05/06/2015 06:19 PM ET
Does Al Sharpton's community organizing exempt him from complying with federal tax law? View Enlarged Image
Why did Rome and Byzantium fall apart after centuries of success? What causes civilizations to collapse, from a dysfunctional 4th-century-B.C. Athens to contemporary bankrupt Greece?
The answer is usually not enemies at the gates, but the pathologies inside them.
What ruins societies is well known: too much consumption and not enough production, a debased currency and endemic corruption.
Americans currently deal with all those symptoms. But two more fundamental causes for decline are even more frightening: an unwillingness to pay taxes and the end of the rule of law.
Al Sharpton is again prominently in the news, blaming various groups for the Baltimore unrest. But Sharpton currently owes the U.S. government more than $3 million in back taxes, according to reports. His excuses have ranged from insufficient funds to pay them to sloppy record-keeping and mysterious fires.
Sharpton, a frequent White House guest, apparently assumes that his community-organizing provides him political exemption from federal tax law. He seems to be right, at least as long as the current administration is in power.
The Clinton Foundation is expected to refile its tax returns for 2010, 2011 and 2012 after failing to separate government grants from donations. If an average citizen tried to amend his taxes for such huge sums and from that long ago, he would probably be under indictment.
News reports of undocumented donations from foreign governments caught the foundation underreporting its income. The well-connected Clinton clan apparently assumed that their political status ensured them immunity.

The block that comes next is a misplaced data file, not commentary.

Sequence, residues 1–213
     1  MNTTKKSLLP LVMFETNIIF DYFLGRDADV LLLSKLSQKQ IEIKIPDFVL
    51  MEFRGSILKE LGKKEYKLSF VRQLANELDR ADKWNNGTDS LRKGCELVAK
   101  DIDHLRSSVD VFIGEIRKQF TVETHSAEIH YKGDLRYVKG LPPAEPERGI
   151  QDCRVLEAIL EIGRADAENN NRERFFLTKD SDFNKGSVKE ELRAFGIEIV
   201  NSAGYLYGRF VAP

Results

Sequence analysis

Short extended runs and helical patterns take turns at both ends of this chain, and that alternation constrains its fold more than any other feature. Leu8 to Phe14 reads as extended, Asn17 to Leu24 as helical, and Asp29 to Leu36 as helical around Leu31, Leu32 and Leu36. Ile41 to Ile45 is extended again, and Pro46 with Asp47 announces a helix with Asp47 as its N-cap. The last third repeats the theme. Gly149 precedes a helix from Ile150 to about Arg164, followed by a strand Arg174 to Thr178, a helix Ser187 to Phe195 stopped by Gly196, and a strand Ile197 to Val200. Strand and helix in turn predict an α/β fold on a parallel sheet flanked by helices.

In the current political landscape, ideology also offers cover for tax noncompliance. Two of the most liberal talking heads at the MSNBC cable news network, Toure Neblett and Melissa Harris-Perry, known for their advocacy of higher tax rates on the affluent, turn out to be both quite well off and quite unwilling to pay their fair share of taxes. Reports indicate that Neblett and Harris-Perry both owe more than $50,000 in delinquent taxes.
Who will police the tax police?
Former IRS official Lois Lerner and her subordinates were found to have targeted conservative nonprofit groups for excessive federal scrutiny. While testifying before Congress, Lerner invoked her Fifth Amendment right against self-incrimination, and investigators later found that two years of her emails had gone missing in a mysterious computer crash. Lerner has not been charged.
Under the current system, the very wealthy have the pull and capital to navigate around the 3.7-million-word IRS tax code. Billionaire George Soros, a proponent of big government and higher taxes, reportedly could face a tax bill of approximately $7 billion after years of deferrals.